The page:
I began to understand the meaning of failure and hardship and of destiny—the role that we play in our own lives, and the role of God in it. God gives us all the freedom we want, but there’s also responsibility that goes with it. If I did take the road to a new career path, the older, wiser and tougher me knew I would be faced with many new challenges and possibilities of failure as well. It was a scary thought, but it was also exciting.
Allergic to failure
However, I couldn’t resist a second try at the bar exams. First of all, I had all this knowledge and facts swimming around my head from taking the bar exams. Second, I knew that being allowed to take the bar again would be some sort of blessing. I already had the advantage over the others since I would have studied twice, thrice, or even four or five times more than those taking it for the first time. Third and most important of all, I was “allergic” to failure, and I knew I had to redeem myself by passing the second time around. So I took the bar again.
I studied like mad. The rest of the world faded away, and there was just me and my books. Officially, I wasn’t a crammer anymore since I had studied most of this stuff the first time around. I tried to understand every book I read, and prayed hard that I would remember what I read and retain the knowledge. Somewhere along the way, I began to find myself.
One day, while studying till the wee hours, I suddenly began to cry. It was self-pity, and the realization that I had never worked so hard in my life. Studying for the bar is the toughest thing a person can do because it takes over your whole life and requires all your concentration, energy and patience. It makes you forego any other desire for months, deny yourself all pastimes, hobbies and recreation, and abandon all meaningful relationships. It requires everything that you can give, and more.
When I say I found myself, I mean, it was as if I went around the world, across the universe, and found myself back home, with myself, with my soul. It was the inner me that could not be defined by my likes or dislikes, or those cliché definitions of the meaning of love that one reads in a Hallmark greeting card on Valentine’s Day.
That almost superhuman effort of preparing for the bar exams the second time around made me find my real self. Despite the fact that I had almost no interaction with other people for months, this me that I found was the me-alone, and also the me-in-relation to others. A philosopher might call it “the existential me.”
When I found myself, there was no turning back, no return slips for defective goods, “no return, no exchange.” I found the “forever-me.”
D-Day finally came. Since I didn’t pass the first time, my confidence was shaky and my composure precarious. I held it together and answered fast and concisely, wrote legibly, and prayed as I never prayed before in my entire life.
After the exams, it was difficult to determine whether I would pass or not. The bar is like that—so uncertain, so many possible answers, and only one correct answer. I waited six long months. Finally, the results were released. My classmates and friends found out before I did. It was moving how they seemed more ecstatic and more excited than I was.
If passing the first time was like one long congratulatory party, passing the second time was a big sigh of relief. It is reclaiming your confidence, trusting yourself again, and finally, believing that all this was meant to happen. It meant getting on the right path again and finding your friends and loved ones still there. It’s finding your life again waiting for you.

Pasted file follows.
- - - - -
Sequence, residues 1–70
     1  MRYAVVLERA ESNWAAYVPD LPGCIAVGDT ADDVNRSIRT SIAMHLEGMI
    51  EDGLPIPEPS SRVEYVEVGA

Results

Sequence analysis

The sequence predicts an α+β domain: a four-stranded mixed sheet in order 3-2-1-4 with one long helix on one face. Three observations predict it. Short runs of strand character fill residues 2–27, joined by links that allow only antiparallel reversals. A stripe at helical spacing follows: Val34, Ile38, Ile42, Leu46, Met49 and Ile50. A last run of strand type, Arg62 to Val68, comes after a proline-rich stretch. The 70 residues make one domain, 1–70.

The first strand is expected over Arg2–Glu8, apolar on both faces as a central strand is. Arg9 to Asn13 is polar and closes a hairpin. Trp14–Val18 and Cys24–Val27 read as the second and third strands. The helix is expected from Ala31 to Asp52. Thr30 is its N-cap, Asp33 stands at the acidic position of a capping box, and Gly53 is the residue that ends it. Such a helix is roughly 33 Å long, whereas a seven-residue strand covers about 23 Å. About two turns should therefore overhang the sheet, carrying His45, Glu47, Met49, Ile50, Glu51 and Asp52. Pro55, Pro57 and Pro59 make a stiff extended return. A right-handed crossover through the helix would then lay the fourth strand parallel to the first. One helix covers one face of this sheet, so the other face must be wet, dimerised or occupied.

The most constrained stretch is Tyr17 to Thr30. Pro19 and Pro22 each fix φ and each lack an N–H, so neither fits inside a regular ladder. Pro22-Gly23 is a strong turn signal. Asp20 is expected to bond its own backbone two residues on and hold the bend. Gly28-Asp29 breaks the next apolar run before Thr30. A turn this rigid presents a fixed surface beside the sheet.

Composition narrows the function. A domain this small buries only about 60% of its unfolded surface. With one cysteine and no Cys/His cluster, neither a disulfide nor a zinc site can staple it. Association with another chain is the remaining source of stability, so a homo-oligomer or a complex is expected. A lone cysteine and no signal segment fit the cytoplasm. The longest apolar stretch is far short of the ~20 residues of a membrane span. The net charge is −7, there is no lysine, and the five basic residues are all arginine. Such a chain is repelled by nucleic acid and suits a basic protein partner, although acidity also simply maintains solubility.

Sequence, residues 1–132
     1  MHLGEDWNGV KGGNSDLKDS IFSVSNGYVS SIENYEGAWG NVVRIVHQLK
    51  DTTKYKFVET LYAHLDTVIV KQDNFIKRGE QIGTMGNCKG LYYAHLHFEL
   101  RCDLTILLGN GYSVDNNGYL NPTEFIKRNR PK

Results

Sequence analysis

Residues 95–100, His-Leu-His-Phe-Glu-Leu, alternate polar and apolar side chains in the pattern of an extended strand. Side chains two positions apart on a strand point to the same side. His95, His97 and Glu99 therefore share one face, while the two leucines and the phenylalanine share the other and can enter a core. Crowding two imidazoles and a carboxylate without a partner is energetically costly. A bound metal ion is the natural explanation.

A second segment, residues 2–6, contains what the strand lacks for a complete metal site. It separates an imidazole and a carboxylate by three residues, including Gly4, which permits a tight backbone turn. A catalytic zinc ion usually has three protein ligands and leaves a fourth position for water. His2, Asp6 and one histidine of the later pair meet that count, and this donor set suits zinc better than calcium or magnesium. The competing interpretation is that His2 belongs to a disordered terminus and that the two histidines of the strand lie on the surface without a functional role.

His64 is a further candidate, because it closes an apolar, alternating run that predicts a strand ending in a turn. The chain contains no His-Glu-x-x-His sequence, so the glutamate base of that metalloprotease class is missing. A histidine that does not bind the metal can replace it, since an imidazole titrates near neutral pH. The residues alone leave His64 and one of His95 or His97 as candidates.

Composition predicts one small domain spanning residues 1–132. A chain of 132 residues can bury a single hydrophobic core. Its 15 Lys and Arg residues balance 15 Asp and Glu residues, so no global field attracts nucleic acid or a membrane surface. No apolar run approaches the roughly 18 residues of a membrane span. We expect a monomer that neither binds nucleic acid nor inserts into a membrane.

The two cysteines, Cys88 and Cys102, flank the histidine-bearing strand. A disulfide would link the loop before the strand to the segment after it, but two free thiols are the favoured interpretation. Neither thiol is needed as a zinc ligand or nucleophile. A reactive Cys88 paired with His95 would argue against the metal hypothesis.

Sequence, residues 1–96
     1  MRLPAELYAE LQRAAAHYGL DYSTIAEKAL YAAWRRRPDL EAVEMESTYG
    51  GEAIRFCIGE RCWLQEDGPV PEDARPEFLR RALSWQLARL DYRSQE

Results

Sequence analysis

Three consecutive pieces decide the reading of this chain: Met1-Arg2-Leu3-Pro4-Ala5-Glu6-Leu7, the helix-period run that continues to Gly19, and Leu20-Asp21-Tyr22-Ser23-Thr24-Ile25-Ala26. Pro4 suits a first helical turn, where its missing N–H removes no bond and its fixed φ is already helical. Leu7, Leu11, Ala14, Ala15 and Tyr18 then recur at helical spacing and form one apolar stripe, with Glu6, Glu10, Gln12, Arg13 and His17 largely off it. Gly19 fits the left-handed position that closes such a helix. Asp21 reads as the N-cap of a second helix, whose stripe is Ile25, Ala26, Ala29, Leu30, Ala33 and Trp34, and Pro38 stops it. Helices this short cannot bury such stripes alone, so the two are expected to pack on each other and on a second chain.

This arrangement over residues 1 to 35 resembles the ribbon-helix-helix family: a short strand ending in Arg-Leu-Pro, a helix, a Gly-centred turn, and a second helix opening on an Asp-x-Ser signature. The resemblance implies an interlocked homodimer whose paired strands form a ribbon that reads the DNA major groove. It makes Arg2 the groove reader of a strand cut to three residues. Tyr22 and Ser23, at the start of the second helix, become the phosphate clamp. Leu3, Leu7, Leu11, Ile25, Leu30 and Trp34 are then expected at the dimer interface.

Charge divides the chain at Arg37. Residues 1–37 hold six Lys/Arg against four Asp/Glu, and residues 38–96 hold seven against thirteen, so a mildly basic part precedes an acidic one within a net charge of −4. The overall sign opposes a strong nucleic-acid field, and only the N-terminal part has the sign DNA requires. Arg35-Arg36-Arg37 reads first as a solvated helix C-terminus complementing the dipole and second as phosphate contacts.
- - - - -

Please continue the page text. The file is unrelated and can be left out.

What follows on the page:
One with my soul
Everyone says later that it was meant to happen. But do I really believe that? It does mean that I had a lot more to learn before getting to where I am now. All the reasons and the confluence of events, all the whys and wherefores of Robert Frost’s road less taken would eventually reveal itself in time.
For me, I guess I had to grow up and be one with my soul, that almost mythical rite of passage we thought we only read in great literature, but which is part of everyone’s life. What happened to that teenage girl who only thought about what to wear and which party to go to? She realized that life is all about choices. Now it’s which book to read, how to schedule her activities for the day. Still the same giggly immature girl, but now in her 20s, and somehow different in many respects.
At last I discovered that being a lawyer was my true path although at the start I was just going with the flow, like floating downstream in a river. When I finally began to find myself, I related to and understood the world more. In a way I became more caring but also more responsible and emphatic in my views.
I also saw the need to help people, and I realized how being a lawyer is one of the better paths to do that. I could volunteer in nongovernment organizations to help the poor, preserve the environment, defend the rights of orphans and abused women.
Government work was also another option open to me as a lawyer. I could promote policies that could help people and preserve those places on earth where the environment has been abused. And even in private practice, I could handle cases and contribute directly to improve the lives of my clients.
I do realize now that being a lawyer creates a peculiar and unique sense of power and responsibility that I wouldn’t have had in any other career. It’s really the beginning of a new life. Now that I’m a lawyer, I want to express a very special thanks to my parents. I also want to thank everyone who helped me along the way. I could never imagine I would be so excited to embark on this new voyage, to begin my life again and change the world.